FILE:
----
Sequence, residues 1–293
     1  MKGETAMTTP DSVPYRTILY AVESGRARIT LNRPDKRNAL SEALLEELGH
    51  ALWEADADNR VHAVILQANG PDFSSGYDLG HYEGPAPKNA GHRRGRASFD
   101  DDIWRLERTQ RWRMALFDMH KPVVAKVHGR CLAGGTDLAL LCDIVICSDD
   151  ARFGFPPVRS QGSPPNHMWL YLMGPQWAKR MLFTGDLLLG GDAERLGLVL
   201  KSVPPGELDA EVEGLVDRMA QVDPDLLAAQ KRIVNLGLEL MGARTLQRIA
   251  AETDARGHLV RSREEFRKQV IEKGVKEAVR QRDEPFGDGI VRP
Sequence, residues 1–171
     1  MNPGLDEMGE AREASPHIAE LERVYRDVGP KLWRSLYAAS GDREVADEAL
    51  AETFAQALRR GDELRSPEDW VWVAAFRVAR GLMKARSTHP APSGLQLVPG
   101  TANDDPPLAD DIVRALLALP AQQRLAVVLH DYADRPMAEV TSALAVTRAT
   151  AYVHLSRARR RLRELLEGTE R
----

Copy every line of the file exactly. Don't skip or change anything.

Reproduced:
Sequence, residues 1–293
     1  MKGETAMTTP DSVPYRTILY AVESGRARIT LNRPDKRNAL SEALLEELGH
    51  ALWEADADNR VHAVILQANG PDFSSGYDLG HYEGPAPKNA GHRRGRASFD
   101  DDIWRLERTQ RWRMALFDMH KPVVAKVHGR CLAGGTDLAL LCDIVICSDD
   151  ARFGFPPVRS QGSPPNHMWL YLMGPQWAKR MLFTGDLLLG GDAERLGLVL
   201  KSVPPGELDA EVEGLVDRMA QVDPDLLAAQ KRIVNLGLEL MGARTLQRIA
   251  AETDARGHLV RSREEFRKQV IEKGVKEAVR QRDEPFGDGI VRP
Sequence, residues 1–171
     1  MNPGLDEMGE AREASPHIAE LERVYRDVGP KLWRSLYAAS GDREVADEAL
    51  AETFAQALRR GDELRSPEDW VWVAAFRVAR GLMKARSTHP APSGLQLVPG
   101  TANDDPPLAD DIVRALLALP AQQRLAVVLH DYADRPMAEV TSALAVTRAT
   151  AYVHLSRARR RLRELLEGTE R